Some of the student-tested crops are expected to launch in coming months, including dragoon lettuce and extra dwarf pak choi.

By next year, tomatoes could be on the menu.

– Connection to Earth –

NASA is looking into the possibility of robotic space gardening, to automate the process so crew can focus on other tasks.

But many astronauts say they like tending to plants, because it helps them maintain a connection to Earth.

“The psychological benefits can be important for astronauts,” said NASA research scientist Trent Smith.

Besides — as many gardeners know — having a plot dry up or be devoured by mold isn’t the end of world.

“The thing that the students learn is that making mistakes is okay,” said JoLynne Woodmansee, a teacher at BIOTech High School in Miami.

“The whole process of science is all about building. You can’t learn something new without making a mistake.”

 62 
 on: May 18, 2018, 04:24 AM 
Started by Rad - Last post by Darja

Investors urge fossil fuel firms to shun Trump's Arctic drilling plans

Oil extraction in Alaskan wilderness area would be an ‘irresponsible business decision’, trillion-dollar investors say

Damian Carrington Environment editor
Guardian
18 May 2018 19.00 BST

Investors managing more than $2.5tn have warned oil firms and banks to shun moves by the US president, Donald Trump, to open the Arctic national wildlife refuge (ANWR) to drilling.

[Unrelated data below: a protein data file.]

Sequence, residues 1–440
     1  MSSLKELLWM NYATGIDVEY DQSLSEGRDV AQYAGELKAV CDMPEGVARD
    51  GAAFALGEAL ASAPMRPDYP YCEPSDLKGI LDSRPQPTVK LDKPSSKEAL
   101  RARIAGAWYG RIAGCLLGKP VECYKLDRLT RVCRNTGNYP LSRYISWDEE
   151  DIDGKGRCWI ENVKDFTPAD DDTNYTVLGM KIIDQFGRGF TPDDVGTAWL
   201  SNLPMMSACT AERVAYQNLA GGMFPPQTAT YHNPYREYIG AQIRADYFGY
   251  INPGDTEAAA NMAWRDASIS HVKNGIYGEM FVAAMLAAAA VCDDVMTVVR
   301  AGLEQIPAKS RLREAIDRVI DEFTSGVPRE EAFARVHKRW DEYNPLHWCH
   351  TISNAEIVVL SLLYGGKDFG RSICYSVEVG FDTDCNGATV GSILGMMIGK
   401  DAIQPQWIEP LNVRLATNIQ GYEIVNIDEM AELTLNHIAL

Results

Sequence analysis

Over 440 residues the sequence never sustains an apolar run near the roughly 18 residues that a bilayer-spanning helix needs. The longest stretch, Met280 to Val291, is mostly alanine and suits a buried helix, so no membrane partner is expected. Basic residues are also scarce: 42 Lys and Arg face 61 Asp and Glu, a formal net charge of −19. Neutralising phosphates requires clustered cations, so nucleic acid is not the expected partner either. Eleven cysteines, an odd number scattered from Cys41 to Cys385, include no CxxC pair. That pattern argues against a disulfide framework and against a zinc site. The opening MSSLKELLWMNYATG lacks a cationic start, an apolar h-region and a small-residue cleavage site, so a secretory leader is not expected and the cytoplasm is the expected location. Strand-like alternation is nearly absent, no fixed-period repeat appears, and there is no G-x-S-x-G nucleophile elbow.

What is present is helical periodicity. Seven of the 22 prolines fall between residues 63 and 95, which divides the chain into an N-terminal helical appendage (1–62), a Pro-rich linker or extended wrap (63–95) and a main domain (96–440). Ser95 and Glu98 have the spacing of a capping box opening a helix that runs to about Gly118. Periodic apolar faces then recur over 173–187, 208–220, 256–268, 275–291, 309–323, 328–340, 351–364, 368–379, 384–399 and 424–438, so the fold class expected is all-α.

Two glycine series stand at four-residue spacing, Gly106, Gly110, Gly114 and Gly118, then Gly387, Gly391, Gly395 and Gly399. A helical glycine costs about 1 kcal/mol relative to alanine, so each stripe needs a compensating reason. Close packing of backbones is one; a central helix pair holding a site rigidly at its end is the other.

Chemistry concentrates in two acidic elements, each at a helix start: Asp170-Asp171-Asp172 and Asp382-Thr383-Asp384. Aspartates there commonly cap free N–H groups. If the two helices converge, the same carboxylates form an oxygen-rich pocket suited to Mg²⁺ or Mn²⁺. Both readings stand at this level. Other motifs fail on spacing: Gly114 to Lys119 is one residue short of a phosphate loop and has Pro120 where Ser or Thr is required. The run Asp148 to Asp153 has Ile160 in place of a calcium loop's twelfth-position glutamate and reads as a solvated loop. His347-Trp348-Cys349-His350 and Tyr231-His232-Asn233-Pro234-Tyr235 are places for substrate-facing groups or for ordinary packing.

Companies extracting oil and gas from the wilderness area in Alaska would face “enormous reputational risk and public backlash”, the investors say in a letter sent on Monday to 100 fossil fuel companies and the banks that finance them.

Exploiting the area would also be an “irresponsible business decision”, the group argues, as global action on climate change will reduce oil demand and mean such projects have a high risk of losing money. An accompanying letter from the indigenous Gwich’in people say it would be “deeply unethical” to destroy their homelands.

The 19m-acre refuge is one of wildest places left on Earth and the largest area of publicly owned land in the US. It is home to a huge range of animals, including polar bears, snowy owls and the porcupine caribou on which the Gwich’in rely for food.